Thursday is where our plans went amok. Graham had an uncomfortable night with knifelike cramps and gastro, which just got worse and worse so we had to start cancelling/postponing our plans, so the shuffle began. We deferred our move to Jude’s, and postponed a reunion with Keith a friend of Graham’s from his gymnastic days as a kid, as well as dinner to meet Jasmine’s boyfriend and family. Prada, Ilea’s dog did fairly well out of this, as she and I spent some quality time together while Graham slept on the couch.
Saturday he was no better so we went to the local medical centre where a doctor spent a half hour with him then gave him a letter to take to the hospital. Here is where I started to feel nervous. We went to Flinders hospital, where they “contained” him in emergency. Everyone who came near him “suited up in a yellow plastic gown and gloves”. Increase in nervousness. He was there for 6 hours, hooked up to a drip hydrating while they ran blood tests. They let him go so I’m guessing he wasn’t contagious.
We arrived at Jude and Lee’s with just enough time to change, and leave for the opening of the Fluereu Art Prize. Graham felt better after the drip, but was really in no shape to go out, however his strong will carried him, determined he’d go but wouldn’t risk anything to eat or drink.
The event was in McLarenvale, a beautiful winery area of Southern Adelaide. The day was warm but the wind was bitingly cold. We started at the Hardy’s Tintara winery sipping wine while we moved about the finalists art on display then moved to d’Arenberg’s winery for the winner announcement/cocktail party. Normally I think we would have enjoyed sipping wine looking over the stunning views, but the biting wind moved us into the marquis where we snafued stools, and with the men on the hunt bringing us nibbles, we did quite well. I was thankful I’d brought a heavy wrap. We didn’t stay late, conscious of Graham’s uncomfortable state of well-being.
|Me, Glenn, Ilea, Jude - Lee & Graham must have been getting us food|
Sunday was road trip day to view the other works on display for the Fleurieu Art show scattered amongst other galleries in McLarenvale. Lee carried on to the farther galleries in Gawler and Strathalbin, stopping at the very well known Flying Fish Café in Pt Elliot, (excellent fish and chips by the way) which was terrific although the little trip totally exhausted Graham.
Rescheduled reunion night. We went to the Marion Pub for dinner with Keith and Sue, Graham’s friend from his youth. Keith told Graham he had done the math and they hadn’t seen each other for 42 years. They both lit up as soon as they saw each other, Keith is an easy going fellow and the two of them nattered away as if they’d only seen each other yesterday. It was a lively night. The added bonus was Sue, who is also delightful. In fact, we enjoyed each other’s company so much we planned to meet again before we left. I know - I can't believe I didn't take a photo!!! AAAUGHH!!! Well I guess that goes to show how messed up we were by that point.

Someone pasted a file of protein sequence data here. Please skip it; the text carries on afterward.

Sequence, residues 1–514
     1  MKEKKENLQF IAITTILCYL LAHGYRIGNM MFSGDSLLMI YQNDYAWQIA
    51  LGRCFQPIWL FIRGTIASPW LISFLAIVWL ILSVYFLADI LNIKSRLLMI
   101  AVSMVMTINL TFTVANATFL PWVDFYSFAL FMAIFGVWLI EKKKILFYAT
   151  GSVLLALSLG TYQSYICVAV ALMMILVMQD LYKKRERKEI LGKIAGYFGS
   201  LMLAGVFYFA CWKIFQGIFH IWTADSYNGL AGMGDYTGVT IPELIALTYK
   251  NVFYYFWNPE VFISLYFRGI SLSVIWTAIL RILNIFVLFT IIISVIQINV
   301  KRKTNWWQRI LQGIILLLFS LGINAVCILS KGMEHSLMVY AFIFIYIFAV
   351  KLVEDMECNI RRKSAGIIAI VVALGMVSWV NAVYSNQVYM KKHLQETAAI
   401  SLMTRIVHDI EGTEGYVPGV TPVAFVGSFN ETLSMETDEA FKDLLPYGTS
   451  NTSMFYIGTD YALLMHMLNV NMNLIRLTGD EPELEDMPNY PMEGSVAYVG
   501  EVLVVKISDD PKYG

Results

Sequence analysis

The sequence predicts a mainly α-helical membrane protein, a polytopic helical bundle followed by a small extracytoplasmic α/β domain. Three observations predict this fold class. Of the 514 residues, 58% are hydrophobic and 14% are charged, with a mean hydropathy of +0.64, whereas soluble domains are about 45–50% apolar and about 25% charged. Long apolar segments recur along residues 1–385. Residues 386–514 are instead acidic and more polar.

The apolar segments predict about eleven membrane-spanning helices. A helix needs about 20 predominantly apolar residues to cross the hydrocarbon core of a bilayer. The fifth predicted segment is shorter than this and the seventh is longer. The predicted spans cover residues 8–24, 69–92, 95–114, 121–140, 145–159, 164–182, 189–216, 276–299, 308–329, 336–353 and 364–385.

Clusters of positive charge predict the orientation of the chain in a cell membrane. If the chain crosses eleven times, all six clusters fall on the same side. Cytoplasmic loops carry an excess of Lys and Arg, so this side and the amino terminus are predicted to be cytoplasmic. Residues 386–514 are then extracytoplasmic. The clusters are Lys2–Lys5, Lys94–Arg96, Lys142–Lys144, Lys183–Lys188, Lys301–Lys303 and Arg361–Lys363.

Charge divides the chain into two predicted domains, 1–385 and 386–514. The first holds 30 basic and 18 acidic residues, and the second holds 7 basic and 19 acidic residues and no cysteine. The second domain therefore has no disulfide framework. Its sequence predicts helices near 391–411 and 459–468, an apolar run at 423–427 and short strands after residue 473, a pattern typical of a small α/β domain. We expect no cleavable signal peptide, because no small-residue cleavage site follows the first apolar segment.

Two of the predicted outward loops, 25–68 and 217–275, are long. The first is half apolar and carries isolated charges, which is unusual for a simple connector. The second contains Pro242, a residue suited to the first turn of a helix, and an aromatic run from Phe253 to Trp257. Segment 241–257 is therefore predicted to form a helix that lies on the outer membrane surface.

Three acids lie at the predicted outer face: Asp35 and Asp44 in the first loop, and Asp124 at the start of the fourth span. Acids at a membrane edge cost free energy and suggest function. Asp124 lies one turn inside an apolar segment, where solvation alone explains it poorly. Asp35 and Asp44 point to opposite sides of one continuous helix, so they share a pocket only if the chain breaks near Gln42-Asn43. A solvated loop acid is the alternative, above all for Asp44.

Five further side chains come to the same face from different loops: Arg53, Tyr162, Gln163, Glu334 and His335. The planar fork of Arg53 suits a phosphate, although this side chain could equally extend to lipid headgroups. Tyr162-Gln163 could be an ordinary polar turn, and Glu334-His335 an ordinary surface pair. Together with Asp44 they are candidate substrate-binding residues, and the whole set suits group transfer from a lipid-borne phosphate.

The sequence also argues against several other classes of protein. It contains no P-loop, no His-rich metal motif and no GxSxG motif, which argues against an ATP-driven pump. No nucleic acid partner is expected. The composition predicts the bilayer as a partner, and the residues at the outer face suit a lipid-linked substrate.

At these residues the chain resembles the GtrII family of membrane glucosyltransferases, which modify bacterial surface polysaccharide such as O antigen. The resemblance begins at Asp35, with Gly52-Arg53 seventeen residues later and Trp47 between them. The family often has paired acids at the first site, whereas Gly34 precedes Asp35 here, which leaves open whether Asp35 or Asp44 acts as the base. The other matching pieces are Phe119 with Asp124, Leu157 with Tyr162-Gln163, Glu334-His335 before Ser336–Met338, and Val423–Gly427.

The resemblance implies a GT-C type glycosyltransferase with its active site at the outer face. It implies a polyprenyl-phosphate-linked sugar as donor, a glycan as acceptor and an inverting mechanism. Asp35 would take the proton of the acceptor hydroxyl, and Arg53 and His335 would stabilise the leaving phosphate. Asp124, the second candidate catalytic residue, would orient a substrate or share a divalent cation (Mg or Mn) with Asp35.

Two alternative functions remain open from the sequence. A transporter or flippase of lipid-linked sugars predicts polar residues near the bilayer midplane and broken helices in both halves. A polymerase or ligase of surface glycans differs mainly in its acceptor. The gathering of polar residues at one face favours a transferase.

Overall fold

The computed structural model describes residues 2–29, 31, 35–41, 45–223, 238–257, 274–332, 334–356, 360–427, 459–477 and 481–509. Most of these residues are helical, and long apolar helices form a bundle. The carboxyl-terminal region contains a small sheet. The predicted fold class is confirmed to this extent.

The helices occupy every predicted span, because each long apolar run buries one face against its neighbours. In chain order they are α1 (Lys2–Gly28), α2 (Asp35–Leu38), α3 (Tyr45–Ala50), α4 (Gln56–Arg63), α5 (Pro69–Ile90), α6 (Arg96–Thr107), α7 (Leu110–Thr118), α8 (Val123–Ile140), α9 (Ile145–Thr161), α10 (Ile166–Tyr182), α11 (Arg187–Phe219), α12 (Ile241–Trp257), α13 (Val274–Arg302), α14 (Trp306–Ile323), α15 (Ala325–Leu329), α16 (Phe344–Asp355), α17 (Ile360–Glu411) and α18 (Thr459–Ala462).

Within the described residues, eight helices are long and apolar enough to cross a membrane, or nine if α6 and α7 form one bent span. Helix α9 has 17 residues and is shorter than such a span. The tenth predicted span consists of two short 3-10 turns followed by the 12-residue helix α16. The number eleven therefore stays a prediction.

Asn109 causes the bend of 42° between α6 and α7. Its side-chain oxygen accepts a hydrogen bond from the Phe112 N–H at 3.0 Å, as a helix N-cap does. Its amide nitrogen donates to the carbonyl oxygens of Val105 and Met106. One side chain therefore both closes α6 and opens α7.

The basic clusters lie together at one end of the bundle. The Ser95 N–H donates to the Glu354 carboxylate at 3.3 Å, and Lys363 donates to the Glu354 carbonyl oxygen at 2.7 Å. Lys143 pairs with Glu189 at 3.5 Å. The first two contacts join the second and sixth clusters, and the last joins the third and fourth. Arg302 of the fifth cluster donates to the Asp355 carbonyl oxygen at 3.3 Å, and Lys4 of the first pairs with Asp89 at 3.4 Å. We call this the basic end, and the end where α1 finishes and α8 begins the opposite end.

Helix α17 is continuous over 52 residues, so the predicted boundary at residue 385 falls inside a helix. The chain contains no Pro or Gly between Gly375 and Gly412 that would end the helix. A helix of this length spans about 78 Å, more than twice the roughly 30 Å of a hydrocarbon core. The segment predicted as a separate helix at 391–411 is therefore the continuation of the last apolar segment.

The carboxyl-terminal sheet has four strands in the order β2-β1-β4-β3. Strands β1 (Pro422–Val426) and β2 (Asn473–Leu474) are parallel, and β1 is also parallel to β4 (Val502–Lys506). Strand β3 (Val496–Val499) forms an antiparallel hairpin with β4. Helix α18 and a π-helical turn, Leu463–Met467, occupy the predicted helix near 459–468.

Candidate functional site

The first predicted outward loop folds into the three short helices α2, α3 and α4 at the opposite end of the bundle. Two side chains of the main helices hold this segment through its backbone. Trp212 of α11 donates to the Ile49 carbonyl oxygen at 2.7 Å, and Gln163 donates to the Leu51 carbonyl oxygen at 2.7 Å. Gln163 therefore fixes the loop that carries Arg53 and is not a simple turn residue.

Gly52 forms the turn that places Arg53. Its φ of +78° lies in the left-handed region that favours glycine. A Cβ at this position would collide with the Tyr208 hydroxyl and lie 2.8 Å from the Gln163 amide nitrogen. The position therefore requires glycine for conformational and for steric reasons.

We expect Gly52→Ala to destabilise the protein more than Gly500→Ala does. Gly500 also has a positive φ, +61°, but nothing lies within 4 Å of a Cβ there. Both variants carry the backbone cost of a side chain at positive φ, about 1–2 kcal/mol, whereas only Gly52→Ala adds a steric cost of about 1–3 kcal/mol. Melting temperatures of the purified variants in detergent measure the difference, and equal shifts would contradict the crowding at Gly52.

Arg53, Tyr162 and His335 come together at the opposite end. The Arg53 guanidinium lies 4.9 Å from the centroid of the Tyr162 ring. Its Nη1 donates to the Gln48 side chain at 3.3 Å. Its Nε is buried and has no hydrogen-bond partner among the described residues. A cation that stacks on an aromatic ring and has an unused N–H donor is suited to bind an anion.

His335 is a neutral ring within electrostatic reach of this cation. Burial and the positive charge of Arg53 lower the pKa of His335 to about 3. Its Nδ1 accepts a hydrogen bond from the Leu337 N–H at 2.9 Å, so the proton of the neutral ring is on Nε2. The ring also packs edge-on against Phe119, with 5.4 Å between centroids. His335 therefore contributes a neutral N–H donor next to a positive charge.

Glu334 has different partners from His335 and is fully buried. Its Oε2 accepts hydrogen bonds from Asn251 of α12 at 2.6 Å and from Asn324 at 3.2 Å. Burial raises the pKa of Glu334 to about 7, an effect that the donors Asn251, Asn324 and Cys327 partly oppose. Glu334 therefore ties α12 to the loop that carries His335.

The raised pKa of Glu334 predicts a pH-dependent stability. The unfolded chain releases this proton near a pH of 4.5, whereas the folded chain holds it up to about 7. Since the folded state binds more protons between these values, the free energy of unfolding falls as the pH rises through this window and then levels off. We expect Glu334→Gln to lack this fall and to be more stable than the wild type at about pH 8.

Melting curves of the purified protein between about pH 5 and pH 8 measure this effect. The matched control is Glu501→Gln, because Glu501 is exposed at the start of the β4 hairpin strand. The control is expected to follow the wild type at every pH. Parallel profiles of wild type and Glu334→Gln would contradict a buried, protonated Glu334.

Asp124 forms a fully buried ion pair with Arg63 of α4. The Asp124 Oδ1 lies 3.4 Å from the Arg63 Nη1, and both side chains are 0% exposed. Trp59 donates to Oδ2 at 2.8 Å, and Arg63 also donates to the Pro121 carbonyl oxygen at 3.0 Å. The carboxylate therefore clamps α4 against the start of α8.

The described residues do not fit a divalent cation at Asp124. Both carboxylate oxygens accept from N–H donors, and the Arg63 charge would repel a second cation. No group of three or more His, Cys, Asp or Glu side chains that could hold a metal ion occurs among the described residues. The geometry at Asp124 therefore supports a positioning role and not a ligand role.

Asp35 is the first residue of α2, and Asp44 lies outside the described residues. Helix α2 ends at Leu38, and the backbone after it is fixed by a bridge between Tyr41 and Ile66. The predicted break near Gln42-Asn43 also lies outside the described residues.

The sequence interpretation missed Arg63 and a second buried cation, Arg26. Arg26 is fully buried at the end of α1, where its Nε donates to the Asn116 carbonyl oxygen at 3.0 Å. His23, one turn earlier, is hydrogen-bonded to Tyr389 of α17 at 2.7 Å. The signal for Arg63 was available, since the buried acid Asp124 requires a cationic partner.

Monday was our rescheduled “meet the Mason’s night”. Jasmine and Jayden came early to Jude’s for a short visit before we left for dinner at her boyfriend’s parents - the Mason’s. Jude and Lee had put together a lovely antipasto platter so just time for a drink and wee nibble and we were off. Jayden looked lovely, was cheery and engaging and has grown up considerably since we last saw her.
Heath’s parents, Jan and Ken live in Port Willunga in an impressive stone house Ken built himself. It’s quite a house – large, 3 levels around the outside walls, with a high ceiling in the middle. Jan cooked as if for 20 or Royalty. I was delighted she let me hang out with her in the kitchen while she finished preparing her canapés, and again while she served up. We chatted in the living room over a drink and nibble, and found them very interesting, and easy to talk to. Jan called us to a groaning table of roast beef, legs of lamb, 2 marinated chickens, and a rolled stuffed chicken breast. Roasted potatoes with rosemary and garlic cloves, a green bean salad as she’d heard beans were good for Graham’s condition, salad, mango salsa, rolls, potato salad, and on and on… followed by a plum cheesecake. Too bad our bodies won’t let us just keep eating when something tastes good!!
They were lovely and interesting to talk with. It was a most enjoyable evening and a delight to know Jasmine and Jayden are enmeshed with lovely people.
Keith and Sue had us over to their home on Tuesday. They have a nice little oasis with a beautiful garden, and two friendly dogs to greet us. It was another relaxed evening, and terrific to see a friendship reborn. The smell of the lasagne Sue had cooking was driving me somewhat crazy and tasted as good as it smelled, served with salad with garlic bread. Poor Graham smiled weakly when he turned down balsamic strawberries with ice cream. It’s been hard for “Mr I love diary”. Balsamic strawberries, yumm!
Wednesday Lee made us his secret hamburger recipe. We sat in the kitchen discussing how these hamburgers could be so different from anyone else's..… Ah, that's because the ground beef came from cattle from the Adelaide hills, who only feed on clover grown on northern facing hill sides, with soothing music played from speakers in the trees to keep them calm and happy which causes better marbling for the best intensity of flavour. The buns baked with freshly ground grain, and the produce plucked from his garden moments before serving. Crazy kid. The burgers were great, and the “shoo us out of the kitchen” to make secret artistic home cut fries towers was a nice touch.